Elisabet's indifference is all the more striking when played next to bodies of information foreign to the central story. Throughout the movie there are scenes that reveal an even deeper condescending guilt over things she's almost dutifully afraid of. In one sequence, she witnesses a Vietnamese manifestation against the American invasion, and in the other she mournfully stares at the picture of a small Jewish group being pushed down the road during World War II. Her state of shock towards such images plays against her negligent and aloof positions towards her son and Alma, and reveals her psychological vampirism over things: she has fears, anxieties and worries about ongoing perils and terrors in society, and she has a detached concern over things such as war and genocide, but her position regarding such issues is that of alien guilt over a general atrocity, instead of a position of actual care for the others.

      It helps very little that Alma and Elisabet have lead very similar paths in their lives, but in opposite directions: one has managed to avoid her responsibilities as a mother, while the other prevented being one from the very beginning but grieves her decision; one has lead a lifestyle that consists entirely of playing roles and lying and in great fashion, while the other often expresses her admiration towards people who truly believe in a possible meaning behind everything, behind their lives; one has reached, in a way, the success she's always wanted, while the other has been accused by her lover of not being ambitious enough. There's a key scene when Alma confesses that she thought, after seeing one of Elisabet's films, that they looked and seemed very much alike. She never realizes how true this is, and that it was bound to become truer than ever before; not only they share intimate experiences and personal stories with each other, but their personalities start to merge. Thus was born one of the most iconic scenes in film history, when one visits the other's bedroom and they stare at the camera, tangling with each other and revealing scary physical and behavioral resemblances that could go wildly unnoticed until then.

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      The personality merge, which I still find too complicated to understand for the moment, leads the second half of the film, the first being mostly about one learning to cope with the other before house wars break out. As Elisabet drains Alma's identity out of her and she succumbs to her complementary self, they become one and only. It isn't only a combination of two comparable personalities; it's also one persona engulfing the other. One can note how Elisabet establishes Alma as an intermediary with her husband; how the camera seems to permanently seek a superimposition of both her faces, mostly privileging Elisabet's; how Elisabet's most drastic gestures seem to occur behind the curtains, while Alma openly recreates them. The silent treatment, in the end, can be just as violent and coercive as physical or verbal abuse.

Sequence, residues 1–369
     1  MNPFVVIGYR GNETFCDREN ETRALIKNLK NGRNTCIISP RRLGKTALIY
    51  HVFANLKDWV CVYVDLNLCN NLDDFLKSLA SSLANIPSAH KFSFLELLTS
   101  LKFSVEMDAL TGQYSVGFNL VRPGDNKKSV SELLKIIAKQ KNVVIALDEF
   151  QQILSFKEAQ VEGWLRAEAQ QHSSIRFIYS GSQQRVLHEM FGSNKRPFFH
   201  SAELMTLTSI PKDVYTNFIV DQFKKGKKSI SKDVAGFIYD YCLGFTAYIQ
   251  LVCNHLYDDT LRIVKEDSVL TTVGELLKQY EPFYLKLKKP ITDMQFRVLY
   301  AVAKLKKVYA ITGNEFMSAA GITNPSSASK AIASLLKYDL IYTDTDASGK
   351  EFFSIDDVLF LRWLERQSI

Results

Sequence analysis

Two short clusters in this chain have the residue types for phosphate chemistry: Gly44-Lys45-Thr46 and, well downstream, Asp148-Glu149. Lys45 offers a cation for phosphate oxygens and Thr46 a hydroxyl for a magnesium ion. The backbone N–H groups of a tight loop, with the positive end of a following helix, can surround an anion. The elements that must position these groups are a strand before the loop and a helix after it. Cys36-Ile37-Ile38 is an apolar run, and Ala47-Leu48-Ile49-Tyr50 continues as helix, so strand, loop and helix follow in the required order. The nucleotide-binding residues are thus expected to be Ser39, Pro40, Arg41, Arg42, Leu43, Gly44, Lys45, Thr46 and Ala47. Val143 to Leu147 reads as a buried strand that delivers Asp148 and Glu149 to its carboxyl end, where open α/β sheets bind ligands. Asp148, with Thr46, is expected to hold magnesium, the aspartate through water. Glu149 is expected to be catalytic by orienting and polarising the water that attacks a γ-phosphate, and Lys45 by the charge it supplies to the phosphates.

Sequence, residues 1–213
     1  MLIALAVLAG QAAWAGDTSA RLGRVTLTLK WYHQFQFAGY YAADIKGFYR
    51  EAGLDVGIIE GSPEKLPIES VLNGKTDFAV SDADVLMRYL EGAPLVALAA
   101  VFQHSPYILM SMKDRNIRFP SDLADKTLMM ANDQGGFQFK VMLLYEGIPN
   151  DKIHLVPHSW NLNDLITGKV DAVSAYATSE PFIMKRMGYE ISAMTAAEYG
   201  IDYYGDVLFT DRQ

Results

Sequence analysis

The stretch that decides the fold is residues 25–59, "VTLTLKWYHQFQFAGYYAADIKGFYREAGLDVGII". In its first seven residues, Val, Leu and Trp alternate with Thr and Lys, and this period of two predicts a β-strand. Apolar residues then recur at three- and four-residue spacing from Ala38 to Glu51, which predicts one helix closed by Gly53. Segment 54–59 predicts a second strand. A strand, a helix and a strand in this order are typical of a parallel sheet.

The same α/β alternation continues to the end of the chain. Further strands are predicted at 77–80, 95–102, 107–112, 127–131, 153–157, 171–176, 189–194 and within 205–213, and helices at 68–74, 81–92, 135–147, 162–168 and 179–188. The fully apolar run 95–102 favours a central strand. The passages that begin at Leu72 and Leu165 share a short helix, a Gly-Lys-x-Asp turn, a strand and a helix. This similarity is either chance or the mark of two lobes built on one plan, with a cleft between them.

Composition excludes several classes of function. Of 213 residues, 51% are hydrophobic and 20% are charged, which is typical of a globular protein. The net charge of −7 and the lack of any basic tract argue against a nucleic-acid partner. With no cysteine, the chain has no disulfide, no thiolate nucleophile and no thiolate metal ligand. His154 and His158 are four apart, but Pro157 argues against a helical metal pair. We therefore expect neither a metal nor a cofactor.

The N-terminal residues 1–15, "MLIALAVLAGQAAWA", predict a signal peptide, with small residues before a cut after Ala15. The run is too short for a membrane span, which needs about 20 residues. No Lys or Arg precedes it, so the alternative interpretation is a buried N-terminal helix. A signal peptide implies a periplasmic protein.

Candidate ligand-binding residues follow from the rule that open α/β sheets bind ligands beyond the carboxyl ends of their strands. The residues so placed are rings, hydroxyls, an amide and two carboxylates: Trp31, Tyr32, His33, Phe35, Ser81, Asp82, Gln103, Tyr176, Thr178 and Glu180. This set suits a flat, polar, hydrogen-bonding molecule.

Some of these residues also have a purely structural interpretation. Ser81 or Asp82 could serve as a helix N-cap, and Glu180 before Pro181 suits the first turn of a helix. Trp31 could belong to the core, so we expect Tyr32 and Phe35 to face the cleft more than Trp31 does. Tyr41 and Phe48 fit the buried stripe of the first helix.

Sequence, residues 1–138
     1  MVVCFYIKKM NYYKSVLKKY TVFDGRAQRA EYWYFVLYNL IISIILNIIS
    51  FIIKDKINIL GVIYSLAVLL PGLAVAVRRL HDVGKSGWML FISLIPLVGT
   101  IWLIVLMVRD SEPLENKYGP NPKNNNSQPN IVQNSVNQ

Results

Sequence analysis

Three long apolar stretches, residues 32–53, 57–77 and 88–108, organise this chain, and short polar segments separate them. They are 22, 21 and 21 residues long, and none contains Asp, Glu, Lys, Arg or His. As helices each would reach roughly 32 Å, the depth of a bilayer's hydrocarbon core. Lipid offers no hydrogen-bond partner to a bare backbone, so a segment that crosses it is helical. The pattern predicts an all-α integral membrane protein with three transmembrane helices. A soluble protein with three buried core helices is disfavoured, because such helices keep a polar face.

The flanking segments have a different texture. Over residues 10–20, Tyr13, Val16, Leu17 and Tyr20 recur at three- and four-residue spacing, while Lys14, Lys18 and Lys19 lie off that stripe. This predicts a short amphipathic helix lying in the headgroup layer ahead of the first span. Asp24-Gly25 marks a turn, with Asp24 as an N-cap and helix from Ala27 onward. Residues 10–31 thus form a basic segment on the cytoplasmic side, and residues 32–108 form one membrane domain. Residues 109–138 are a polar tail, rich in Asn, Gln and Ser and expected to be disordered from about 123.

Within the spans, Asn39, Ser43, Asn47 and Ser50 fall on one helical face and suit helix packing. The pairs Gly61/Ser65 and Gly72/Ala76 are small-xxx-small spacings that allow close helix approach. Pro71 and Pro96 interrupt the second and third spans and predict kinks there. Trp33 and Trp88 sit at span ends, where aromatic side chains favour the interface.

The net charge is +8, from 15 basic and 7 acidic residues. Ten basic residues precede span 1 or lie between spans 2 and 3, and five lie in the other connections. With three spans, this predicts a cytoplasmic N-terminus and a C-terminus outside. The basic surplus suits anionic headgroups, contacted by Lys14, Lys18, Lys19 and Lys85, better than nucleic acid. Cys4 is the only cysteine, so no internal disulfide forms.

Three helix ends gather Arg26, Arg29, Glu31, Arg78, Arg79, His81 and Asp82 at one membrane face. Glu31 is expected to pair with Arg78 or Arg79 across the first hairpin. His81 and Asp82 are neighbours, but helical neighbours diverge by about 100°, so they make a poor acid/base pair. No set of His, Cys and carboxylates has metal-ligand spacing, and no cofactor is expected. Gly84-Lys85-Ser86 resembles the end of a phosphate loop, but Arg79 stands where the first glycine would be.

In this game of cat-and-mouse that seems to forever move inward and outward, Persona is one of the great critiques of our society, a deceitfully simple experiment on egoism and social indifference that proves to be extremely poignant, to the extent that both Alma and Elisabet finish their adventure together and part ways as if what happened didn't provoke any change. But the marks are permanent, and so are the marks of this film. It tells us about the nature of the human spirit, which can show emotions without any compromise or can take the emotional disturbances of others as an opportunity. It tells us about cinema itself, symbolized in strange beginnings with even stranger solutions; it tells us about acting and role playing, which is one of the cores of filmmaking as a whole. And finally, it is filmmaking at its finest.

Reposted from 'The Hand Grenade' (https://thehandgrenade.wordpress.com/2014/11/25/persona/)

Lucas De Barros Silva

Lucas de Barros Silva is a freshman double majoring in Communications and Cinema Studies. Born in Los Angeles and resident of Porto Alegre, Brazil, Lucas is the Events Director of the Penn Cinema Initiative and a regular writer for The Moviegoer. A dedicated cinephile committed to watching one film every day, he is a huge fan of uncompromising directors like Andrei Tarkovsky, Stanley Kubrick, Terrence Malick, David Lynch and Yasujiro Ozu.